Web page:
I am currently reading Swami Prabhavananda The Spiritual Heritage of India (1962) and find it very clear and informative (better than e.g. Heinrich Zimmer's Philosophies of India so far). Early on it explains that

the gods of the Hindu, or devas as he calls them, must always be sharply distinguished from God. God is the one supreme being, the uncreated, while the gods, through supernatural, belong (together with many other orders of supernatural beings) among the creatures.


perhaps the highest conception of the gods with concrete names is Hiranyagarbha: Before the universe appeared, there first appeared Hiranyagarbha. He, being manifest, became the one lord of the manifested universe. Out of himself came the invisible world, out of himself came the sky and the earth.

Now with that a large notion of gods (specifically including ones that existed before the universe existed) Hinduism could perhaps argue that Christianity's deity is just another god, but not God (tad ekam). It could then perhaps argue that many of Christianity's myths and symbols fit inside its own umbrella like many others do. (In doing so, it would choose to ignore Christianity's particular "myth" of monotheism.)

Have serious branches of Indian philosophy (i.e. Hinduism's "theology") ever argued in this way, or is Hinduism perhaps not interested in establishing such hegemony over foreign religions?


1 Answer 1


Swami Vivekananda has said that the difference between the Hindu religion and other religions, including the Christian religion, is that the Hindu religion is founded upon the impersonal and eternal spiritual principles found in the Vedas and is not founded upon one personality, as other religions are. The universal principles of the Vedas can be applied to all religions. The Christian scriptures are much the same as the Hindu puranas; stories of personalities and myths. They are useful as they teach morality and rules.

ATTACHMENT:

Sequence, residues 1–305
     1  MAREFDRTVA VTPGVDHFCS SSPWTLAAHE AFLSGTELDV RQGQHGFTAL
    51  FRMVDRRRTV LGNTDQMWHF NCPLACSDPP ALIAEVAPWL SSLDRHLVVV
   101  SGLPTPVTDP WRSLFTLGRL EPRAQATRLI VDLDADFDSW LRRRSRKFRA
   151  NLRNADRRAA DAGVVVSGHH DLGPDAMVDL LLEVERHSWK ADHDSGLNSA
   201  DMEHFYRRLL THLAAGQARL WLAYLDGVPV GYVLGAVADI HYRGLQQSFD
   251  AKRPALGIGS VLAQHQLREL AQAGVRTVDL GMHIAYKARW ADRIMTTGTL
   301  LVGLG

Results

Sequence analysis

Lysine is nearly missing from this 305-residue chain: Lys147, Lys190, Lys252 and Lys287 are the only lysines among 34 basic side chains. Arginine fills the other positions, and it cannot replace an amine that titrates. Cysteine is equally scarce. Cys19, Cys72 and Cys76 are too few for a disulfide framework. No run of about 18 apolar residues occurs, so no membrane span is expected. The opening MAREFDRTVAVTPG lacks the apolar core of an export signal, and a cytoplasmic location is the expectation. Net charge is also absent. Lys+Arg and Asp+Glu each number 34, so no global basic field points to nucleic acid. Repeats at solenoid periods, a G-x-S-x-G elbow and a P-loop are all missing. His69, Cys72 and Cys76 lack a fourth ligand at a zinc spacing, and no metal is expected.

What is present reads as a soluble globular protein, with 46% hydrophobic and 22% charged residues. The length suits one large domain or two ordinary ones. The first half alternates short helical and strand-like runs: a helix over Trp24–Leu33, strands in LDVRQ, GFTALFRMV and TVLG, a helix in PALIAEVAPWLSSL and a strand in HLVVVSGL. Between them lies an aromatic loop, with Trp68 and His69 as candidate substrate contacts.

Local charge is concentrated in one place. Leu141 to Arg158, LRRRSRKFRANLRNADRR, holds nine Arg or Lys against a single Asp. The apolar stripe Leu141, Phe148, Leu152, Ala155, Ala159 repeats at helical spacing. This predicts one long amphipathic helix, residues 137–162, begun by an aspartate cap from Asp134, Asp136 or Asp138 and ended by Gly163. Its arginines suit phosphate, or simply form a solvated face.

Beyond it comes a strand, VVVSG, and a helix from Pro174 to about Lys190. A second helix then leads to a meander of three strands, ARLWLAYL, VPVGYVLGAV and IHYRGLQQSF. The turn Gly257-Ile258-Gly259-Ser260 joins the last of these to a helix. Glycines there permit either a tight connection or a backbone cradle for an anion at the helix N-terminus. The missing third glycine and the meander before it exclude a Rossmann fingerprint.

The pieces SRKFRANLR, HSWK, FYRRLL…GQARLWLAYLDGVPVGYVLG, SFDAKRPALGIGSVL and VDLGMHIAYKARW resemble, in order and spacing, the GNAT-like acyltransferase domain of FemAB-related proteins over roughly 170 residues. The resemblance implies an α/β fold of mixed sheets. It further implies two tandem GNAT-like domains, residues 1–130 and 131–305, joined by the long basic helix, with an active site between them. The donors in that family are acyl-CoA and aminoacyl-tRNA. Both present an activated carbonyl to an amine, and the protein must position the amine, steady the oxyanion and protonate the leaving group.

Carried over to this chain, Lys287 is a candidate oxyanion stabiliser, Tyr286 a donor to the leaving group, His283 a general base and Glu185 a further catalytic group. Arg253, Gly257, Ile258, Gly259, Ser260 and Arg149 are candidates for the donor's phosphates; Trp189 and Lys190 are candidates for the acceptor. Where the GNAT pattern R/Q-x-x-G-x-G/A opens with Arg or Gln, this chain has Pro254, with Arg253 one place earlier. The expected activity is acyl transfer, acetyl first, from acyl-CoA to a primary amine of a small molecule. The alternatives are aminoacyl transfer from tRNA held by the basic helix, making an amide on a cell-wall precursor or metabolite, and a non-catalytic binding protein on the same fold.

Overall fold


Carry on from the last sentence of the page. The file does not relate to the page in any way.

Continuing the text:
From an Advaitic standpoint, Shankara says that the creation stories are "likely stories", as from the aspect of Brahman, there was no creation. One creation story is as good as another. Prabhavananda has a good translation of the Nasadiya hymn (the hymn of creation) from the Rig Veda in his book you are currently reading. btw, monotheism is an aspect of many sects of Hinduism. All streams lead to the ocean. What God truly is cannot be comprehended by the human intellect.

As you may be aware, John's gospel starts out with "In the beginning was the Word..." an analysis of Hindu scripture has the universe starting out as a vibration, or sound, or word, from Brahman.

Hiranyagarbha, or Brahma, most closely maps to God the Father. Heinrich Zimmer's other book Myths and Symbols in Indian Art and Civilization edited by Joseph Campbell is a good read.

  • Can you please add the book and chapter reference of Swami Vivekananda and Shankaraharya as stated in the above answer? It will be very useful for me.
    – zaxebo1
    Commented Feb 26, 2018 at 4:32
  • Vivekananda refers a few times to this in his Complete Works. One reference is V3, pp118-120. Available here (Volume 3, heading - Lectures from Colombo to Almora, lecture - Vedantism): advaitaashrama.org/cw/content.php. Remember the difference between Sruti (eternal, given directly by God) and Smriti (written by men). Commented Feb 28, 2018 at 9:20
  • Can't find the exact quote of Sankaracharya. However, you can get the gist of it from the following; 1st Shankaracharya's commentary on verse I. ii. 1 of the Aitareya Upanishad, and 2nd Gaudapada's Karika, II.18-31 and III.15. Commented Feb 28, 2018 at 9:27
  • @zaxebo1 see the 2 comments above Commented Feb 28, 2018 at 9:28

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